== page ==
Novel iron–polysaccharide multilayered microcapsules for controlled insulin release
Iron–polysaccharide complexes have been extensively used for the treatment of iron-deficiency anemia without side-effects. In this study, insulin-loaded microcapsules were prepared via layer-by-layer deposition of oppositely charged Fe3+ and dextran sulfate (DS) onto the surface of insulin microparticles. Fe3+ was combined with DS via both electrostatic interaction and chemical complexation process, leading to the formation of a stable complex of Fe3+/DS. Subsequently, protamine was used as the outermost layer of the insulin-loaded microcapsules to facilitate nuclear delivery. The sufficient charge reversal with successive deposition cycles and successful fabrication of hollow microcapsules provided strong evidence for the growth of (Fe3+/DS)n multilayer on the surface of microparticles. The experiments showed that the microcapsules successfully entrapped insulin with encapsulation efficiency of 70.56 ± 0.97% and drug loading content of 46.15 ± 0.97%. It was found that the release time and hypoglycemic effect increased as the number of deposited bilayers increased. The insulin-loaded microcapsules significantly improved glucose tolerance from 2 h (free insulin) to even 12 h (insulin-loaded microcapsules with 10 bilayers). Moreover, the microcapsules with protamine as the outermost layer displayed a prolonged and stable glucose-lowering profile over a period of over 6 h compared with Fe3+ as the outermost layer. These findings indicate that such microcapsules can be a promising approach for the construction of an effective controlled release delivery system of insulin as well as other proteins with short half-life time.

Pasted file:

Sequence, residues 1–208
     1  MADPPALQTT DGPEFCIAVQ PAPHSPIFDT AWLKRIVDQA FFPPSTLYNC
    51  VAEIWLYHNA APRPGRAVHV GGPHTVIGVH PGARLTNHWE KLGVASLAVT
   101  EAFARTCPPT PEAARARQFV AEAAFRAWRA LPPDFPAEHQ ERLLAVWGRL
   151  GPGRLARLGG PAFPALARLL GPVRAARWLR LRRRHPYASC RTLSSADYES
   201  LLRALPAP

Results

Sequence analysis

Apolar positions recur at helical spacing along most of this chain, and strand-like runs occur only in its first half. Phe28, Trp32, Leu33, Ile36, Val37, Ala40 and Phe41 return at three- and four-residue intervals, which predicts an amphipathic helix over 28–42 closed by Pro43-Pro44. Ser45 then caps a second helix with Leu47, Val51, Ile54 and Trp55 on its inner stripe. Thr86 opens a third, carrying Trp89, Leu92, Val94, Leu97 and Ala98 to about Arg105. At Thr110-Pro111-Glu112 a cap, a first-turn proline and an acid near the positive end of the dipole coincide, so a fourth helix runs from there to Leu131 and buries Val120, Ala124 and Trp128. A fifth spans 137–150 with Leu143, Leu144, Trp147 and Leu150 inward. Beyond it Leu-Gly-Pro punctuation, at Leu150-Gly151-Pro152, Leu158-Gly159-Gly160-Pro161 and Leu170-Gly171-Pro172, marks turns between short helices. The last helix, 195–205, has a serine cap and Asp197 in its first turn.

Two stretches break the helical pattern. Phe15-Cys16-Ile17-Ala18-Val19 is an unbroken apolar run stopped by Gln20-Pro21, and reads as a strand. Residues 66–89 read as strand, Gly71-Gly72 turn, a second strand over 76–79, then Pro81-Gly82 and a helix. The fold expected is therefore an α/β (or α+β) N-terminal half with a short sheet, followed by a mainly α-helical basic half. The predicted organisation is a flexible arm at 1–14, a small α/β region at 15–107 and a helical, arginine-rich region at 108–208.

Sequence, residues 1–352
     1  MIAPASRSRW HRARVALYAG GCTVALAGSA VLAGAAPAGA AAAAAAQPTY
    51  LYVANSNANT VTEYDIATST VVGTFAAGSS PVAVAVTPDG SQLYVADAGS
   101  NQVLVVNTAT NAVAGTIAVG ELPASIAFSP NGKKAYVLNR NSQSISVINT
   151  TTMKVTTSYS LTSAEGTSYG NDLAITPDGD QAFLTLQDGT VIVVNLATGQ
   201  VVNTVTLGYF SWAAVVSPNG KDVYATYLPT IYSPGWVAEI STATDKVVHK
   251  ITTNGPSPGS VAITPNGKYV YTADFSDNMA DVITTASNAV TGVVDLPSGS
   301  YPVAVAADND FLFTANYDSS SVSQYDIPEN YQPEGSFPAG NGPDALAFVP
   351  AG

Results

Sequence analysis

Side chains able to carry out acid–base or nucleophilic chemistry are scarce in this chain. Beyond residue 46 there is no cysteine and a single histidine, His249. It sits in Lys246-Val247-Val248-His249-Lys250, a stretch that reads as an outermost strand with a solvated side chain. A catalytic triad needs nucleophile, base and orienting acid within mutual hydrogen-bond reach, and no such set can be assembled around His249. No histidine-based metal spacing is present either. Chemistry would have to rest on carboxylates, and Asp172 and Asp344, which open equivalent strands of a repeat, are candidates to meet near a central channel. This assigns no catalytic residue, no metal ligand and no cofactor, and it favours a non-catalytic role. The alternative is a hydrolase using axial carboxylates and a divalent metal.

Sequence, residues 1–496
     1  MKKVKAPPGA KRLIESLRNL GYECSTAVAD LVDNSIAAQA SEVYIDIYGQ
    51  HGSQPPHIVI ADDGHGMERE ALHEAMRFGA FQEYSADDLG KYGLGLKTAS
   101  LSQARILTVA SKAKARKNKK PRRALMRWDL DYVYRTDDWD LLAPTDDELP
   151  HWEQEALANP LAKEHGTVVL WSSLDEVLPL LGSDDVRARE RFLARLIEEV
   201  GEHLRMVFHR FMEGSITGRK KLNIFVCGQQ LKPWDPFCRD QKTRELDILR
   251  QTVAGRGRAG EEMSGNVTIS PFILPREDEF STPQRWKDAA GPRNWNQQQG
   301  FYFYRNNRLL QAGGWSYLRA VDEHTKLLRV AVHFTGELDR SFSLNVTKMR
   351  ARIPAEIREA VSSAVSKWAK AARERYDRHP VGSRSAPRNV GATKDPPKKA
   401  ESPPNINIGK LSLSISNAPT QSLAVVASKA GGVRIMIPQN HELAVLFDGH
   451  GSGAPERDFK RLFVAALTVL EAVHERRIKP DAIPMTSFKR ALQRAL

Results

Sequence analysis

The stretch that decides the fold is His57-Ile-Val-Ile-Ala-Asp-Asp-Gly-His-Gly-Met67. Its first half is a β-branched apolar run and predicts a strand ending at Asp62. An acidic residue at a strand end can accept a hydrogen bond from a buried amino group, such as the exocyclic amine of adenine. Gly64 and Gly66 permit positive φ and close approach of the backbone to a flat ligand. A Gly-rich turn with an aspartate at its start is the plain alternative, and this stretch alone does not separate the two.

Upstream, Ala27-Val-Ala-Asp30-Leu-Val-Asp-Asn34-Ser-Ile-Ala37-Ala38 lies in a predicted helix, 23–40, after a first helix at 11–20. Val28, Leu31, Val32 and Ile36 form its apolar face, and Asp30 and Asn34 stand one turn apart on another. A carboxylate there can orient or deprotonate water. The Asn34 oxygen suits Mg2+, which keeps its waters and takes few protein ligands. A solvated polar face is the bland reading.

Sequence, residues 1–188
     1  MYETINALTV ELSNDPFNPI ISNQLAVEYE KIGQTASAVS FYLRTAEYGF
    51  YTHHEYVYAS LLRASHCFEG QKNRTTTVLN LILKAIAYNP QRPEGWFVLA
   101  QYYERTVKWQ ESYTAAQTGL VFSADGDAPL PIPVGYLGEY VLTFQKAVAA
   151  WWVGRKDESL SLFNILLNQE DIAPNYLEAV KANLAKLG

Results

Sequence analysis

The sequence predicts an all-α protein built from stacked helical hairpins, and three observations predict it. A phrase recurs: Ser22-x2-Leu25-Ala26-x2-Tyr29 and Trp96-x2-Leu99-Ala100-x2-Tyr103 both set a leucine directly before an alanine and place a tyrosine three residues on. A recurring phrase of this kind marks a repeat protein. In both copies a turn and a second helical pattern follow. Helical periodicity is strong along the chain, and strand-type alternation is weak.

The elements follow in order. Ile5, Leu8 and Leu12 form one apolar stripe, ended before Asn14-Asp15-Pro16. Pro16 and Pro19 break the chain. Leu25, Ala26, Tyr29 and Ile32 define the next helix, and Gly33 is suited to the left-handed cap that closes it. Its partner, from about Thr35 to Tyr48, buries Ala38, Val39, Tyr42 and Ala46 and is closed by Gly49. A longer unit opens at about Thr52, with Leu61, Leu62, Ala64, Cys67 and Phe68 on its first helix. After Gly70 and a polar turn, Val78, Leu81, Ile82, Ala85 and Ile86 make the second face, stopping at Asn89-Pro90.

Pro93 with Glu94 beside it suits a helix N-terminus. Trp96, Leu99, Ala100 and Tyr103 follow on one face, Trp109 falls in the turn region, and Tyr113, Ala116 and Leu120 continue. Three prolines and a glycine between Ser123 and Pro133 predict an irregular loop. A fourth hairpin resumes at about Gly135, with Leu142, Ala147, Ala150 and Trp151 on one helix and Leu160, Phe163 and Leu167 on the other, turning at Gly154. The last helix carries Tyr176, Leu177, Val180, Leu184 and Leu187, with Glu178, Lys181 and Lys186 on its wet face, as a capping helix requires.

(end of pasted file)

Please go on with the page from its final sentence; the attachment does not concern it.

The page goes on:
Journal: Acta Biomaterialia - Volume 5, Issue 5, June 2009, Pages 1499–1507